Maguire's evidence also fell far short of establishing reasonable grounds to believe that the Pennant invoices to Bruce were not to be paid in full at maturity but were subject to "offsets" or "set-offs" (the terms appear to be used interchangeably) at the time of assignment to Maguire. This "set-off" contention is the crux of Maguire's claim of "false statement" arising from the representations made in the assignments, supra p. 788. Maguire thus had the initial burden of satisfying a court that the Pennant-Bruce transaction contemplated that Bruce was not to pay the assigned Pennant invoices in full when due but was to be credited with the value of the yarn used. If Maguire's evidence established anything, it was to the contrary.
There is no question that the details of the transaction were worked out only between Lurie, acting for Pennant, and Selman, acting for Bruce. Selman, called on behalf of Maguire, testified that the arrangement was entirely oral in keeping with Bruce's customary practice but backed up by standard Pennant sales order forms for the fabric Bruce desired manufactured.
According to Selman, Pennant had manufactured knitted fabric for Bruce in the 1967 and 1968 seasons, purchasing yarn from a mill which supplied the colors and quality Bruce desired for its own knitting operations. The negotiation for the 1969 season involved here occurred late in 1968 after Bruce had already purchased its yarn requirements from that mill and Selman told Lurie "I will sell you the yarn instead of you buying it from Cross Cotton Mills". Selman was positive there was no discussion with Lurie about Bruce invoicing the yarn to Pennant other than telling him that the cotton yarn trade terms of net thirty days would apply. Selman also testified he had nothing to do with invoicing, was unable to say whether invoices had ever been sent to Pennant, and was unaware of Pennant's nonpayment for the yarn until sometime later. He conceded that Bruce had filed no claim for the yarn in Pennant's corporate bankruptcy proceedings.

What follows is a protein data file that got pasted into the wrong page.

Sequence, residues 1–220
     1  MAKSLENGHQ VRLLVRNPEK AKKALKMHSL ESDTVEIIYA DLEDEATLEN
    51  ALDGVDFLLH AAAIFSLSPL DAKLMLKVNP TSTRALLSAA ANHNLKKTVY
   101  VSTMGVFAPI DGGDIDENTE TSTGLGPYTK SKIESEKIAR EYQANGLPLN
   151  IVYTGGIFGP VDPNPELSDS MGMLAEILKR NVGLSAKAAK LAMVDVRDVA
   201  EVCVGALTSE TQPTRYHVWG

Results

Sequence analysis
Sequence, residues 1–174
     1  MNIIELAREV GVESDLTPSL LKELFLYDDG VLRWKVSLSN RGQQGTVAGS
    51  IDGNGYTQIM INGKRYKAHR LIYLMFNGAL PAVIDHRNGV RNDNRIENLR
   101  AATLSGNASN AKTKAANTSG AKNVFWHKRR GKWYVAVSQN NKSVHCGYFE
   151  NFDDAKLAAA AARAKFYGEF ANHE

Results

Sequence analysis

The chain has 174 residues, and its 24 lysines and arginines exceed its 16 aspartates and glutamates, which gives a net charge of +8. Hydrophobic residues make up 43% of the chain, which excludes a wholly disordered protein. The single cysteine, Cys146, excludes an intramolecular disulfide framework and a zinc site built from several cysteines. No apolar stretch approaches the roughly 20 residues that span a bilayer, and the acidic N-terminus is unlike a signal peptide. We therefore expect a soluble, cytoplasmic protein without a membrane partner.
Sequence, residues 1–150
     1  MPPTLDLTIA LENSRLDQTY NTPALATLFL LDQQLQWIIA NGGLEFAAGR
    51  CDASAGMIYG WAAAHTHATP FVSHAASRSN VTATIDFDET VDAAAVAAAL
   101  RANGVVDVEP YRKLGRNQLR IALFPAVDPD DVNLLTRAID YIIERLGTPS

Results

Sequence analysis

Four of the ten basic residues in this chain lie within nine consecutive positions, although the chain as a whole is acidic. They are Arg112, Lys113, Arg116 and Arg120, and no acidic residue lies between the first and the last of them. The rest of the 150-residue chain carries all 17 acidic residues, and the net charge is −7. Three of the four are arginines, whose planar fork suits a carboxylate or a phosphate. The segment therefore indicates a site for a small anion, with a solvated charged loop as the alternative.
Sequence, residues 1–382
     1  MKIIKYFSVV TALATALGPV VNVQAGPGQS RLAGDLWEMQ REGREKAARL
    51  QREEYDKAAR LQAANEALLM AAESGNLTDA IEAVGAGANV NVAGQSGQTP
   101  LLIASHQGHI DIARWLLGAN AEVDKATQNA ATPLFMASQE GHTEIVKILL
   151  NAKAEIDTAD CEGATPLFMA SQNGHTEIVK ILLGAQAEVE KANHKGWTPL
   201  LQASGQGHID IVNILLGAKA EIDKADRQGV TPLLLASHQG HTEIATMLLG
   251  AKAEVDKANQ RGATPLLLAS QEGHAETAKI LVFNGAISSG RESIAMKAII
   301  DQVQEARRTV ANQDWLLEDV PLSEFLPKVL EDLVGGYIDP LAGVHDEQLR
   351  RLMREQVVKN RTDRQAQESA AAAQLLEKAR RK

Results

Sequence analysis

Lurie, also called on Maguire's case, admitted that Bruce shipped yarn to Pennant to be used in filling the Bruce orders but maintained that Pennant did not "order" the yarn and was not currently invoiced for it. He testified that Bruce on occasion took back yarn from Pennant to fill its own needs for a particular color since Bruce was currently manufacturing identical fabric; and that Pennant expected to return unused yarn to Bruce when all orders were completed, at which time Pennant was to be invoiced and make payment only for yarn actually used. Pennant, on the other hand, according to Lurie, was to invoice and be paid by Bruce on Pennant's usual 60-day net terms as knitted fabric was shipped and without deduction for any Bruce yarn utilized, since it was going to take about four or five months to complete Bruce's orders. Bruce's accounting vice-president, Allan Smith, called by Maguire, testified that Bruce did in fact pay the earliest group of invoices to Maguire at maturity without claim of offset or deduction for yarn supplied.
Despite the documented corrobration of Lurie's understanding of the transaction and the obvious shortcomings in the Bruce witnesses' testimony, the bankruptcy judge held fast to the setoff theory for the following reason:
"The bankrupt argues that Pennant had no liability to Bruce for the yarn because (he insists) payment was not to be made until the accounts of one against the other were adjusted at the end of the contract. This, even if true, did not eliminate Bruce as a creditor. It merely delayed the due date of the obligation." Supra n. 3.
That view of the Pennant-Bruce transaction begs the question. Maguire cannot bar Lurie's discharge on the ground of fraud simply by showing Bruce was or would be a creditor of Pennant as well as a debtor. Such a common business relationship would not provide "reasonable grounds for believing" that the invoices assigned to Maguire were not bona fide and fully collectible at the time of assignment; i.e., did not truly reflect shipments of goods for which Bruce would be obligated to pay.